There is no rate reduction whatsoever in this plan. It’s a set of tax hikes, plain and simple.
But clearly, taxes and tax reform are complicated. Any chance we can address that?
There is no tax reform in this plan. The plan would undermine prospects for long-term tax reform.
A 600-page proposal clearly doesn’t happen without some planning. Tom Coburn must have had a plan. What was it?
It’s now clear Senator Coburn’s plan all along was a trillion dollar tax hike. Senator Coburn pretended to care about ethanol (until he was forced to admit he supported the ethanol mandate, the cause of 98% of government-induced ethanol production). In reality, he wanted to lay the groundwork for GOP support of this trillion dollar tax hike plan.
Tom Coburn has a reputation for being a staunch conservative. Does he live up to that reputation?
The Coburn trillion dollar tax hike is far outside the mainstream of the conservative movement, as well as where Congressional Republicans are.
Is there anything good about Coburn’s proposal?
ATR has long called for a “tax me more” checkoff for limousine liberals who complain that their taxes aren’t high enough. Rather than hiking taxes on everyone, these rich liberals should be able to pay more voluntarily to assuage their left-wing guilt. The Coburn plan does have this, providing a silver lining to an otherwise cloudy forecast for taxpayers.
And you probably thought ATR couldn’t say anything nice about the plan.
“We don’t believe that we ought to be raising taxes right now on people in this recession and in this economy, and they do,” the majority leader added.
“That is just an irreconcilable difference, and if the president wants the debt ceiling, we’re not going to go along with that if they want to raise taxes, and it just is what it is.”“That is just an irreconcilable difference, and if the president wants the debt ceiling, we’re not going to go along with that if they want to raise taxes, and it just is what it is.” [The Hill]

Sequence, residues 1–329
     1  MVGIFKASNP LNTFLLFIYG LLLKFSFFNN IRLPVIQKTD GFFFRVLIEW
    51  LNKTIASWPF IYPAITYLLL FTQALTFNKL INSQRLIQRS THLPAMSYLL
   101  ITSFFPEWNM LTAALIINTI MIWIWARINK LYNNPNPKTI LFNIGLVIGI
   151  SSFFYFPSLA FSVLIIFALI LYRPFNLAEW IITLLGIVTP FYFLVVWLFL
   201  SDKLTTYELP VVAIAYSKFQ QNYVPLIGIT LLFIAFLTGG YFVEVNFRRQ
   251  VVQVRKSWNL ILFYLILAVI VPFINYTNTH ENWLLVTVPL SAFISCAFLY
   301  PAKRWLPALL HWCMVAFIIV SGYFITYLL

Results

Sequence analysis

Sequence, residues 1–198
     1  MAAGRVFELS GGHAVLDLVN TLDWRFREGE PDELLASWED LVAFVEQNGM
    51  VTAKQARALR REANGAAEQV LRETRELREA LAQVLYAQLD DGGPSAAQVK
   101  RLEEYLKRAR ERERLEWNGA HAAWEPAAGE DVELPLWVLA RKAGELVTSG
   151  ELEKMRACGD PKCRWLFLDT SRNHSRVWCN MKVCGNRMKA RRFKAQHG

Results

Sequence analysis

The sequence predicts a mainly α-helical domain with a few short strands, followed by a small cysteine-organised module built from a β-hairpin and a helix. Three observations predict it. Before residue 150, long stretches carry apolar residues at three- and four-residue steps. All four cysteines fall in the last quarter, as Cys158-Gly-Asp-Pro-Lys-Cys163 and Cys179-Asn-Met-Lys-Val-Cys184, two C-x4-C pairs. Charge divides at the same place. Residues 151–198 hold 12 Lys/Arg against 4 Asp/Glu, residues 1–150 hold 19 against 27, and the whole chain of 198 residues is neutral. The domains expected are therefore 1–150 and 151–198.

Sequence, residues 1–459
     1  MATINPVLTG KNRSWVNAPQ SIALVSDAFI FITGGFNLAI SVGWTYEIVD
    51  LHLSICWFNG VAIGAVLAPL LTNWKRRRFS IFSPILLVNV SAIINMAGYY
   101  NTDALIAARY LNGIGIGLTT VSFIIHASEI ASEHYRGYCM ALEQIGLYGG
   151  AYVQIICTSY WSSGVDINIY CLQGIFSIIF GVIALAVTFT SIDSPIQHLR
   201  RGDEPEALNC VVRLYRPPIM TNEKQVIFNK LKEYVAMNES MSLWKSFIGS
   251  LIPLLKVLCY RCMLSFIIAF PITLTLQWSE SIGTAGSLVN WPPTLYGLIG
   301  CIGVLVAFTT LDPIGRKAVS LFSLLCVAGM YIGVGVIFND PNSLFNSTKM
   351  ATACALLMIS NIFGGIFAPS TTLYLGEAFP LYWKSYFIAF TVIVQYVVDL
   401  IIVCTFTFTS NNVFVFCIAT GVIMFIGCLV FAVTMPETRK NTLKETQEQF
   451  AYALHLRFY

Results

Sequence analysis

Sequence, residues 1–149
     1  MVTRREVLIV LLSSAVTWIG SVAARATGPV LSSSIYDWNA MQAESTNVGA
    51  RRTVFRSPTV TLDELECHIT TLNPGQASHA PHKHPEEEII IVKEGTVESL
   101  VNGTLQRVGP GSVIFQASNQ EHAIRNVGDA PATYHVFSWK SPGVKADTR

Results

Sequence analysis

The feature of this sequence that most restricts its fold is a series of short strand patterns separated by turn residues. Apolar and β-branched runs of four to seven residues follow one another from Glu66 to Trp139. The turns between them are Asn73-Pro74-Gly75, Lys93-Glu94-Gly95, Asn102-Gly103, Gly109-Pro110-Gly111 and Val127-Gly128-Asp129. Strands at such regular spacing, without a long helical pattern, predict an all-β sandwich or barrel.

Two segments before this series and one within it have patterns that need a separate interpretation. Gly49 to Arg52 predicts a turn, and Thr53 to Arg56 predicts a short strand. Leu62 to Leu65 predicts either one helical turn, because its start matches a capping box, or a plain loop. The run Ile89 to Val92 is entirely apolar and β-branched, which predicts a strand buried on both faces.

” ‘Disappointing’ is an understatement,” Cantor said on the floor in a colloquy with House Minority Whip Steny Hoyer (D-Md.). Cantor was citing the jobs report for June that said only 18,000 private-sector jobs were created in that month, and that the unemployment rate increased to 9.2 percent.
“Just look at the jobs report today,” Cantor added. “I cannot fathom how anybody, how anyone thinks right now is a good time to raise taxes. Who thinks that raising taxes on individuals and small businesses can help create jobs?” [The Hill]
President Obama and his liberal allies are calling for a ‘balanced approach’ and a revenue piece to deficit reduction. We hear this from the press all the time: ‘New revenues need to be a part of any deal to reduce the deficit.’ These are simply code words for a tax hike.
It is clear that the professional left is insisting that President Obama include tax increases in any negotiated agreement to raise the debt ceiling. [ATR]
Hours before a meeting with President Obama at the White House, Senate Majority Leader Mitch McConnell (R-Ky.) said that any debt-ceiling deals that included tax hikes would be “politically impossible” in the current Congress because most Republicans and many Democrats oppose them.
“Those who are calling for tax hikes as a part of these debt discussions either have amnesia about the fate of similar votes just six months ago — when Democrats controlled both chambers of Congress as well as the White House — or they’re acting in bad faith, since we all know that including massive, job-killing tax hikes would be a poison pill,” said McConnell on Monday from the Senate floor. [The Hill]
The NPR funding debate is a litmus test of how serious Congress in general and Republicans in particular are about spending cuts. If Congress can’t even cut NPR it is a sign that deficits are here to stay and . . .dare I say it . . .tax hikes will be necessary. Or perhaps you don’t care that your children will be paying big chunks of their diminished incomes to the Chinese. [Martin Sullivan/Tax.com]